Sen. Blumenthal Blasts Withdrawal of Sleep Apnea Policy
The determination by federal investigators that two high-profile train collisions in New York and New Jersey were the result of undiagnosed sleep apnea prompted a member of the Senate Commerce Committee to rebuke the Trump administration’s withdrawal of a potential new policy on the sleep disorder.
The National Transportation Safety Board on Feb. 6 determined engineer fatigue due to undiagnosed severe obstructive sleep apnea caused the railroad accidents in New York City in 2017, and Hoboken, N.J., two years ago.
“Undiagnosed, untreated sleep apnea has caused collisions and calamities on our railroads. It is simple common sense that railroad workers should be screened and treated for sleep apnea to ensure they’re not suffering from fatigue and can safely do their jobs, and protect the lives of all who depend on them,” said Sen. Richard Blumenthal (D-Conn.), ranking member of the Consumer Protection, Product Safety, Insurance and Data Security Subcommittee. “The Trump administration must immediately reverse course and implement rules on sleep apnea, and take swift action on the many safety and oversight shortcomings highlighted by NTSB’s findings.”
New Jersey Sen. Robert Menendez (D) reacted to NTSB’s findings by focusing primarily on his state’s passenger rail system.
“It’s clear from the NTSB report that the horrible tragedy in Hoboken could have been prevented had N.J. Transit properly taken into account the inherent risks of both operator fatigue from sleep disorders and potential hazards at end-of-the-line stations,” Menendez said. “Unfortunately, N.J. Transit failed to do both and put its riders at unnecessary risk.”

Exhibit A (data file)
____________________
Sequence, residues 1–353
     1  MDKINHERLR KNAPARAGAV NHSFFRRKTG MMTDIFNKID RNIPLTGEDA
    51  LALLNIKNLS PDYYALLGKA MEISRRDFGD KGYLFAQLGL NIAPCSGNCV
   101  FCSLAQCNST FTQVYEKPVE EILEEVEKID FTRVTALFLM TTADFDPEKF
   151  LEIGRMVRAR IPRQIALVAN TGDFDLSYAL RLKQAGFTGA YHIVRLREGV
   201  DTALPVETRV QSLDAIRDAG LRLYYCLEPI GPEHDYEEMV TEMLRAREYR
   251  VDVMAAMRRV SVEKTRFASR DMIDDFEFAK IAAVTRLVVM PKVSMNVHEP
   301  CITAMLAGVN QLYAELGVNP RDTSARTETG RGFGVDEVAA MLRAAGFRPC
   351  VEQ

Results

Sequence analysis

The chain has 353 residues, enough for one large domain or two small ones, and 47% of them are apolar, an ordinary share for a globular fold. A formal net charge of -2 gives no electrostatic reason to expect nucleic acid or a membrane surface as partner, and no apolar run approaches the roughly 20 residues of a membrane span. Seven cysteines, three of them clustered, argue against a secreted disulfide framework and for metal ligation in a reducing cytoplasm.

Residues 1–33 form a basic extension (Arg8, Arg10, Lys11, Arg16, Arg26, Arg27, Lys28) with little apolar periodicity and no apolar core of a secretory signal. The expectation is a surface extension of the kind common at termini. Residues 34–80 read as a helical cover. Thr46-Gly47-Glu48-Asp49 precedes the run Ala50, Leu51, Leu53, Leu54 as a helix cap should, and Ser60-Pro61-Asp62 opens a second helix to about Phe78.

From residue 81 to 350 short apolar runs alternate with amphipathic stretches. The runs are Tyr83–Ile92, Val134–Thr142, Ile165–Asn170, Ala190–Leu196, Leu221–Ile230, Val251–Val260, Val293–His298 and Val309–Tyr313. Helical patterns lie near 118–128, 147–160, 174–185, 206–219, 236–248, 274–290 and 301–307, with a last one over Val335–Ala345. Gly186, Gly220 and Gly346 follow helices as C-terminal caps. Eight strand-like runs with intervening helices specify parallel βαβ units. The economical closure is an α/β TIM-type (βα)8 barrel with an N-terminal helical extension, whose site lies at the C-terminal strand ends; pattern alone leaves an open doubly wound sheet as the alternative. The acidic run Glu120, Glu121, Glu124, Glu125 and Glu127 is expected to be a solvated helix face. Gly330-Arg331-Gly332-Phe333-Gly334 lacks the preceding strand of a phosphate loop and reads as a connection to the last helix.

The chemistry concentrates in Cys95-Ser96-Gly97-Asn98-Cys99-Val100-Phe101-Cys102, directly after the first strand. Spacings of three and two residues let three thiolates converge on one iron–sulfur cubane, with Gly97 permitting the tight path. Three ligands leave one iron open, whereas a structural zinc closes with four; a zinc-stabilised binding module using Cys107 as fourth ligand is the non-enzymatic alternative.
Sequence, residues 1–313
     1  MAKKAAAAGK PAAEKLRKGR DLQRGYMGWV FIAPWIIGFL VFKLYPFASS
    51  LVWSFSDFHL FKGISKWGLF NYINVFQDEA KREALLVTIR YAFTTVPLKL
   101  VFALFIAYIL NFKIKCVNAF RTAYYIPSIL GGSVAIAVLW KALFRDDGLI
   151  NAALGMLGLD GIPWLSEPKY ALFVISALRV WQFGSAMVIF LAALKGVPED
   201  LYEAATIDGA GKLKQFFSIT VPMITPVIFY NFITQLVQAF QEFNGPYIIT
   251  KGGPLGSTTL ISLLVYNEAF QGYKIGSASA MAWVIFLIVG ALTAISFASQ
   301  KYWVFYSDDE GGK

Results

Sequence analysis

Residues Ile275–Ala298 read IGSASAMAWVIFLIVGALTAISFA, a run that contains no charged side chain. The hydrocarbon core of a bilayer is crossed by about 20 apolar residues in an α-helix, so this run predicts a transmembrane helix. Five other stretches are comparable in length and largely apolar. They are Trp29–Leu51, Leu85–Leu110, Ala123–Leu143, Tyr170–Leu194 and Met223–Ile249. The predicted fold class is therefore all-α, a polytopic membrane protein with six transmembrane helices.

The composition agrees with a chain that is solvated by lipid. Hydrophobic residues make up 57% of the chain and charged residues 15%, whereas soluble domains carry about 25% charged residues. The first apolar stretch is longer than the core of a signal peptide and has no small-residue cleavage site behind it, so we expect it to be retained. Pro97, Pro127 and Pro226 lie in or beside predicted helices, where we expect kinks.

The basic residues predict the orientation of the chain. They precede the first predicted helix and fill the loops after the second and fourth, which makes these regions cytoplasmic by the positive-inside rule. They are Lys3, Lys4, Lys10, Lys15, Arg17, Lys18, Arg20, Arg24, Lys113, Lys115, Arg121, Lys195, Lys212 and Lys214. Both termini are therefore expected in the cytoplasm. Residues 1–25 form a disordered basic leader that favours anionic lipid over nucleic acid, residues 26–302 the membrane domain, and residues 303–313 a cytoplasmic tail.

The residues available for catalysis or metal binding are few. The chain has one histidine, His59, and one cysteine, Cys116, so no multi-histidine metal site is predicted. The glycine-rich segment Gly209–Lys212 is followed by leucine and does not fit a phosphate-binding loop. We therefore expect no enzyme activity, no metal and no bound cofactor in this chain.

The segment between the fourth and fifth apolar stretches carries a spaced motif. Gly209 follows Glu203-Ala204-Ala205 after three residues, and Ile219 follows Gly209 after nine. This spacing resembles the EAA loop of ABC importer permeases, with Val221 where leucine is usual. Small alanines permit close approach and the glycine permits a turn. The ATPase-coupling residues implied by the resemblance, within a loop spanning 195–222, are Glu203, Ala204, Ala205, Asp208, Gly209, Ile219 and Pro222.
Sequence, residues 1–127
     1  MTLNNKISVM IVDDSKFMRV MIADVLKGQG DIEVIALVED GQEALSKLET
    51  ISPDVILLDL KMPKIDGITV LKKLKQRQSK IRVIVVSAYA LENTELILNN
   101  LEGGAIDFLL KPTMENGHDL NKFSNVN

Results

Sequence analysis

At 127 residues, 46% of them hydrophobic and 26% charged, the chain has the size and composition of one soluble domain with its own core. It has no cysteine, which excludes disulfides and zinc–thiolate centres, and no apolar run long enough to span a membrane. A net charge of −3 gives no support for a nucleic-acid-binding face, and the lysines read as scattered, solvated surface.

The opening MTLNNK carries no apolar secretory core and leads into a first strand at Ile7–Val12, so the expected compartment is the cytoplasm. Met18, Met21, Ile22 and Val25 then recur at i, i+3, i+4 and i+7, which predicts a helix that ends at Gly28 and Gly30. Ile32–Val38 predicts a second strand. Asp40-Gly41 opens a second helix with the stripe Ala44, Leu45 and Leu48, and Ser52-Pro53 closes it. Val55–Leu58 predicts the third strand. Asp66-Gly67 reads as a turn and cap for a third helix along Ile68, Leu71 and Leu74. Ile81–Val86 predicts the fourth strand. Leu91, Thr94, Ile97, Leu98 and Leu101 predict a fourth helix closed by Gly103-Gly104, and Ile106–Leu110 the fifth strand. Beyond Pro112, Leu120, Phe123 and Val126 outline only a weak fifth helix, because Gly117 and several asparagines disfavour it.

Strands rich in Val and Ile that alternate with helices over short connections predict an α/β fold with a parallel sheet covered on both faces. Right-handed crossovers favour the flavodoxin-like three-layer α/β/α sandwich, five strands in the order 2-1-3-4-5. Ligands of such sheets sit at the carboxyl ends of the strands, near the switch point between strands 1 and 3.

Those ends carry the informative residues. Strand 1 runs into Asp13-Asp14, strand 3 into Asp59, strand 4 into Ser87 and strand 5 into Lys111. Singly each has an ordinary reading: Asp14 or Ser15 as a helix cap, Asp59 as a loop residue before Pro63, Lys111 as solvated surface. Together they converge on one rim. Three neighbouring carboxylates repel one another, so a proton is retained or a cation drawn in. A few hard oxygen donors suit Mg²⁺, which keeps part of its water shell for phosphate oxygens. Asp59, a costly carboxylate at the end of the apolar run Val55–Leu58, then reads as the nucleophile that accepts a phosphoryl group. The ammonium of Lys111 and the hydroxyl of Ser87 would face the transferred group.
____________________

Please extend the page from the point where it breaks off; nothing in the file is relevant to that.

One person died and 110 were injured in the Sept. 29, 2016 accident in Hoboken. There were 108 injuries in the accident on the Long Island Rail Road at the Atlantic Terminal in Brooklyn on Jan. 4, 2017, according to NTSB reports.
NTSB recommended the Federal Railroad Administration require that intercity passenger and commuter railroads implement technology capable of stopping a train before it reaches the end of the tracks.
In 2017, trucking and rail regulators withdrew an advance notice of proposed rulemaking seeking information on the potential of adopting standards that would assess risks associated with transportation workers in safety sensitive positions diagnosed with apnea.
The Federal Railroad Administration and the Federal Motor Carrier Safety Administration had issued the advance notice of proposed rulemaking to determine if a rulemaking was appropriate. Based on feedback that included public listening sessions, not enough data was received to support future rulemaking, according to a statement by FRA.
“The agencies determined that current and upcoming safety programs appropriately address fatigue risks, including [obstructive sleep apnea],” the agency said, adding, “FRA continues to work closely with the National Transportation Safety Board and will review their recommendations thoroughly.”